She's so charming, smart and eloquent, and blessed with a pretty face, would I look at her legs? Of course, now that she had brought it up, I had to sneak a peek. They are anything but stubby.
The other lady probably isn't aware how attractive she is. We met one Saturday afternoon at a carnival. It was a hot sunny day, her face's so pretty and blushing pink, I couldn't help gushing "OMG! She's so radiant, she glows!"
I get charmed when she breaks easily into the sweetest smile. Her doe eyes, framed by long dark lashes are indeed mesmerising. Did I notice her nose? Not at all.
Listen up ladies, we all come as a package. It may be that special grin or a sweet smile that catches people's eye. Don't be too conscious about the little imperfections, nobody notices but you.
Yes, I am guilty of talking endlessly about my expanding waistline. If I keep quiet, nobody will ever notice. I'm shutting up now.
Nov 9, 2010
Entrepreneurship: Where are the women?
THIS year's Enterprise 50 Award winners offered a startling omission, especially for a nation that prides itself on meritocracy: The chiefs of the winning companies were overwhelmingly male.
It cannot be because women lack the capability, particularly when they hold some of the top positions in multinational companies, public-listed firms and statutory boards.
Could the additional demands required by entrepreneurship extend beyond management and administrative skills?
Demands like the single-minded dedication required in building a business at the expense of time and the company of friends and loved ones?
Do women lack creativity and enterprise, or is it harder, if not impossible, for them to brave adversity and failure in the pursuit of their dreams?
Perhaps our society is not conducive to raising women entrepreneurs. For instance, women, rather than men, sacrifice their careers to stay at home and raise children.
Or does the perennial Asian cultural stereotype regarding gender roles still reign: that men bring home the bacon and will not allow their wives to sacrifice time with the family to pursue their business dreams?
I hope I am wrong because I certainly would like to see women featured in next year's Enterprise 50 Awards.
Lau Chee Kin
Monday, 8 November 2010
I was equally surprised to hear that. Well, I've been eating home-cooked meals all my life. My dad still eats dinner at home no matter how late he returns from work. Growing up in the countryside, we didn't have easy access to food stalls. When mum was too busy to cook, we would take over. We never had junk food, we ate lots of fruits instead. The only flavoured beverage we drank was Milo. At 20, I tasted coffee for the first time and was hooked!
My peers who grew up in the city had a totally different lifestyle. Everything could be found outside their doorstep. Kids as young as 3 drank coffee and didn't sleep until they had their late night supper of char kuay teow. The satay man came around at night hawking freshly grilled pork and mutton kebabs. Talk about convenience food!
The kids today have even more choices. If you leave them to pick their own meals, they may not make the wisest decisions. I've seen how most food stalls operate. They use the cheapest palm oil and ingredients to save cost, and they don't wash the vegetables thoroughly before cooking.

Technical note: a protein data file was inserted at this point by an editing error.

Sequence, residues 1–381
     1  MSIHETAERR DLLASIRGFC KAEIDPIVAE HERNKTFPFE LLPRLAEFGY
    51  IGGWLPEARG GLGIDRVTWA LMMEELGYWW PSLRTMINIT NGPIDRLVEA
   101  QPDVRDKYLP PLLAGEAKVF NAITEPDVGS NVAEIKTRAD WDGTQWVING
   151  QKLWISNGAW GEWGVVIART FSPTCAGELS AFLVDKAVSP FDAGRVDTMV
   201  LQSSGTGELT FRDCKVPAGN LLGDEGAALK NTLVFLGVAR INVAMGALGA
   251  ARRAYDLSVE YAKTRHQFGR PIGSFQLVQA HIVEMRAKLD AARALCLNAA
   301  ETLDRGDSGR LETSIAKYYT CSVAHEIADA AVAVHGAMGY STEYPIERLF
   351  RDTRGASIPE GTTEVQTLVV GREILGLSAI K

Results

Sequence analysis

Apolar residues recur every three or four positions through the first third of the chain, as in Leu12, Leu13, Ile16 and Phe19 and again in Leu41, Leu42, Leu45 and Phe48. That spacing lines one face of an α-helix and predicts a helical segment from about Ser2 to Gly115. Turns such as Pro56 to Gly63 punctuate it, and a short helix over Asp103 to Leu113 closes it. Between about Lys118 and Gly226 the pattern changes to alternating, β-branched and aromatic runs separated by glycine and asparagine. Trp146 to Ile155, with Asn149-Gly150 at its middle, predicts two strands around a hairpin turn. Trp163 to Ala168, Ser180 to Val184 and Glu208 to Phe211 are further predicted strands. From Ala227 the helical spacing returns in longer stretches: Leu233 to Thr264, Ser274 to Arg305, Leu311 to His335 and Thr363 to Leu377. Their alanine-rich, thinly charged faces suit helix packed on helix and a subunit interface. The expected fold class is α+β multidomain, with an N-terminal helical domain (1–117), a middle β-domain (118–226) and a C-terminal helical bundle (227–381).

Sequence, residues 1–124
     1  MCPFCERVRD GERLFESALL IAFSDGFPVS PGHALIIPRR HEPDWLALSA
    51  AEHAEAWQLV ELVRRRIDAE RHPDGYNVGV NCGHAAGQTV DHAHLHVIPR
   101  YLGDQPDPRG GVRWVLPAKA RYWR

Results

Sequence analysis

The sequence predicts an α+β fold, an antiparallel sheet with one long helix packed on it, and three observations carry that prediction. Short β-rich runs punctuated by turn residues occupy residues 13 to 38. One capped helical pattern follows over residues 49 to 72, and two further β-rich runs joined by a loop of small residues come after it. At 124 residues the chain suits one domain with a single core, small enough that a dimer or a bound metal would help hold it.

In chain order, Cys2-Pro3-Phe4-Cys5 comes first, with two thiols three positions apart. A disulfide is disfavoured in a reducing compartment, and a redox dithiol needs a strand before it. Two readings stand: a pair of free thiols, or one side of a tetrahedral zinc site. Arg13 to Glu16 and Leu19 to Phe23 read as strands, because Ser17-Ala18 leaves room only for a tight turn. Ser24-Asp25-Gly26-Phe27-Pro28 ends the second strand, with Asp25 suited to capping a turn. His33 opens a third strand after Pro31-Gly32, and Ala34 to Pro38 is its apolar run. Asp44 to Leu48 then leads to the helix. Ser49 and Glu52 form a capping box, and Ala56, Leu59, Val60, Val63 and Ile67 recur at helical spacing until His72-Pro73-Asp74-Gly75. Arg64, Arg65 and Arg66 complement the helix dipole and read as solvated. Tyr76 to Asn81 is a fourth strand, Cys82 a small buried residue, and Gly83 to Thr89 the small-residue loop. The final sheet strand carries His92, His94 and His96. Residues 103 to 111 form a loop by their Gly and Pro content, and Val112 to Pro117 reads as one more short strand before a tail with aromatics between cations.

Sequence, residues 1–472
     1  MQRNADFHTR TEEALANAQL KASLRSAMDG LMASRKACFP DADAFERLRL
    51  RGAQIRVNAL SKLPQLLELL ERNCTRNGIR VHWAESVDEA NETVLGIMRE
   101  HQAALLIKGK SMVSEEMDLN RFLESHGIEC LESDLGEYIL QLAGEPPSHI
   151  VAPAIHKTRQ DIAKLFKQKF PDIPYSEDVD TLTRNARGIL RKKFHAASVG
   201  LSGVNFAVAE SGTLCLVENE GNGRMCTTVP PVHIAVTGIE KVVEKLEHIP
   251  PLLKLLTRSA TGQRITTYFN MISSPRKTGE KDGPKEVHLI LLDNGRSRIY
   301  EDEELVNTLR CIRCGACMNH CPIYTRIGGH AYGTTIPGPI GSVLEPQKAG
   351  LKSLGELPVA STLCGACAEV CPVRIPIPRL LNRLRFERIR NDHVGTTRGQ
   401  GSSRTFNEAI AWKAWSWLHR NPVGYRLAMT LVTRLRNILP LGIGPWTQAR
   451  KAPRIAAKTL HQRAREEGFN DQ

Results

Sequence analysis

I can't allow my kids to eat deep fried food and artery-clogging meals everyday. That's why I choose to cook no matter how late I get home. Afterall I need to feed myself too. Even Rusty gets his home cooked food twice a day.
When my kids grow up and set up their own homes, I hope they keep to this tradition of eating home-cooked meals together as a family too.
Saturday, 6 November 2010
I contemplated hiking (nah, too hot), running (even worse) or shopping (too crowded) but decided to stay home instead. Housework was already completed yesterday, so I sat before my computer all day.
Being alone can be bad for my health. When I hear my stomach rumble, I amble to the kitchen to find something convenient to eat. So far, I've eaten a bunch of buah duku langsat (below), a bowl of groundnuts, 3 pieces of chwee kueh, 2 pieces of Wang Wang seaweed rice crackers and a cup of fruit tea.
Now that my stomach is filled with all that junk, I feel like taking an afternoon nap.
Wednesday, 3 November 2010
I was happy to see the special supplement honoring the Enterprise 50 Awards 2010 winners. I like reading the success stories of these entrepreneurs and have blogged about it before.
This year, I am disappointed to see not one female face, not even one! There are so many businesswomen out there who are inspiring and most exemplary, yet none had made it this year. Surprising!
The winners run the gamut, from construction and engineering companies to restaurants and foodstuff manufacturers. The only common factor is, all the companies are run by men.
As a businesswoman, it only inspires me to work harder. Not that I aspire to be one of the winners someday (though it will be nice), I know there are enough dynamic women out there who will make the cut. Come on ladies, 姐姐妹妹站起来! (loosely translated into "Stand up sisters!")
Tuesday, 2 November 2010
They were on the way to the cinema to see a horror movie. It's nice to see him hanging out with a group of decent friends. One of our biggest worries as a parent is the company they keep.
On Halloween Night, an 18-year old teen lost his life after he was repeatly slashed over a staring incident. The murderers, aged between 18 and 20, have already been arrested. A precious life has ended, just like that. The internet is innundated with all sorts of insensitive comments, many of which are unkind to the victim and his family. I can imagine the grief the parents are going through. Nobody deserves to die this way.
Reading about such horrific incidents make me worry about my kids' safety. They like hanging out with the boys but who knows what danger is lurking outside when even a simple stare can turn deadly.